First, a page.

See United States v. Clarke, 562 F.3d 1158, 1166 (11th Cir. 2009) (noting in
approving a sophisticated means determination that the scheme covered a threeyear period and required intricate planning). To transfer the money to himself
and conceal that transfer, Dawson created a fictitious company, Ryal
Development, for ease in altering and depositing checks made out to Rural
Development. See USSG 2B1.1 comment. n.8(B) (noting that sophisticated
means are often indicated by [c]onduct such as hiding assets . . . through the use
of fictitious entities). He further concealed his actions by transferring the stolen
money among multiple accounts, and by using the money from later thefts to
reimburse victims of earlier thefts. In sum, he received eighteen checks from
eleven different water or electric authorities totaling over $6 million. While each
individual act may not have been particularly sophisticated, Dawsons overall
7

Case: 13-11198

Date Filed: 10/08/2014

Page: 8 of 8

scheme could surely be said to involve sophisticated means.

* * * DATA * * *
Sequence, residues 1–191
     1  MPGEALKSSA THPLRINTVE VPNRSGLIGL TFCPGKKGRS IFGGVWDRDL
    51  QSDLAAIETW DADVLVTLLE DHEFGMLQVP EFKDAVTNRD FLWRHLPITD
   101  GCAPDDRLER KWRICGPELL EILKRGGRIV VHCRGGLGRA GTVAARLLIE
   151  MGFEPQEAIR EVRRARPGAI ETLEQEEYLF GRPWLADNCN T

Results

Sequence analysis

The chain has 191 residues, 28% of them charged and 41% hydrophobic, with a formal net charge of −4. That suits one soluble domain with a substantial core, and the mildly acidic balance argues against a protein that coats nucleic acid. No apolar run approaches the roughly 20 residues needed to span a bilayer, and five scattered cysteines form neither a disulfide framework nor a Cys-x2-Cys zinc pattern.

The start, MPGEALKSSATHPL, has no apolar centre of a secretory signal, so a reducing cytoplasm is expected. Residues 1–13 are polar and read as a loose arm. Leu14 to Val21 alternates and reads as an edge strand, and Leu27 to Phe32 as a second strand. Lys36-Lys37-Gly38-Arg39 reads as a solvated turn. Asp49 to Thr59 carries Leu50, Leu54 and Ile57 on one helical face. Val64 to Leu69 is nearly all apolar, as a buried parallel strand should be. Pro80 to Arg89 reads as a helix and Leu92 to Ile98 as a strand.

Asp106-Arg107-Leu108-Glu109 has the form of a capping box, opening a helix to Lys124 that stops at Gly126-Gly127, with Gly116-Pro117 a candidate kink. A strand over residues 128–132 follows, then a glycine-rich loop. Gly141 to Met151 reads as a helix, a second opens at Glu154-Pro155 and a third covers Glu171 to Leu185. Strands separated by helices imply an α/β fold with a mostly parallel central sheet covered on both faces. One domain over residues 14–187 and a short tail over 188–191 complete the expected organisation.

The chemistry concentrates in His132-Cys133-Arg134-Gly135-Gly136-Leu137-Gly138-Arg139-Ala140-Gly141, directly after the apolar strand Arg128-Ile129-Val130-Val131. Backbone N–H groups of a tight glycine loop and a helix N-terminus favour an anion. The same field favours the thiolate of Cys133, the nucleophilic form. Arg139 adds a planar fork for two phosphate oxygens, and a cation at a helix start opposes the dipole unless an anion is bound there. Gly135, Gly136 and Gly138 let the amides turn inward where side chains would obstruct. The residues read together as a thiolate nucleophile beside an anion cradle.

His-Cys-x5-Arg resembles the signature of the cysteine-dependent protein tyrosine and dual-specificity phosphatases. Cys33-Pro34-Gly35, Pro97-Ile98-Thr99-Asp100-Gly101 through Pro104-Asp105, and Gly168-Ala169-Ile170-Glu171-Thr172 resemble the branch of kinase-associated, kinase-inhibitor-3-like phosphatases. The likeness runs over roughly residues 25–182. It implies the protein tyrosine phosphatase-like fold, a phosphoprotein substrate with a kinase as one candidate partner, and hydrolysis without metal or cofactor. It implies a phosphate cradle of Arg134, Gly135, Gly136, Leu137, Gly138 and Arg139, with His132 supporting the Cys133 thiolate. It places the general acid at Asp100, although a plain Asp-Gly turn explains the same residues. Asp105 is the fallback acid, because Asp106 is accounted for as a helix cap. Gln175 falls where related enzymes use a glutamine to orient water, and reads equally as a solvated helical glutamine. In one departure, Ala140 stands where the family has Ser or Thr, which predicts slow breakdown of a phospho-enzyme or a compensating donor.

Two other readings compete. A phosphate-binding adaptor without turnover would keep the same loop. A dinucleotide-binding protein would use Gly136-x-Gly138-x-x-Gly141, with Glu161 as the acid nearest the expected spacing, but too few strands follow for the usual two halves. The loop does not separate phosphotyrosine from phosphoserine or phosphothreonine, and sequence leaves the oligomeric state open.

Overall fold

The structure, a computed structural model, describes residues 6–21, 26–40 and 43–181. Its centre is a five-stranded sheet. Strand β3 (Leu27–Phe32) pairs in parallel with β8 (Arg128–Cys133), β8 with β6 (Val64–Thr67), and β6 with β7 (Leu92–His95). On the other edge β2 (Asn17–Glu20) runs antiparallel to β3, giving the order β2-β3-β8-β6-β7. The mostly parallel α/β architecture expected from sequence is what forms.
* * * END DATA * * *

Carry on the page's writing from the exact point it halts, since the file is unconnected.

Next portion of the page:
Although the three cases Dawson cites United States v. Williams, 509 F.
Appx 941 (11th Cir. 2013) (per curiam), United States v. Fuller, 500 F. Appx 831
(11th Cir. 2012) (per curiam), and United States v. Jenkins, 497 F. Appx 931
(11th Cir. 2012) (per curiam)may well have involved schemes more
sophisticated than the one here, this Court has never established those cases as a
floor for the sophisticated means enhancement. Dawsons conduct involved
numerous steps, affected multiple victims, spanned several years, and required
specialized knowledge. On this evidence, the district court did not clearly err in
applying the enhancement.
IV.
The district courts sentencing determination is AFFIRMED and Dawsons
motion to modify the record on appeal is DENIED.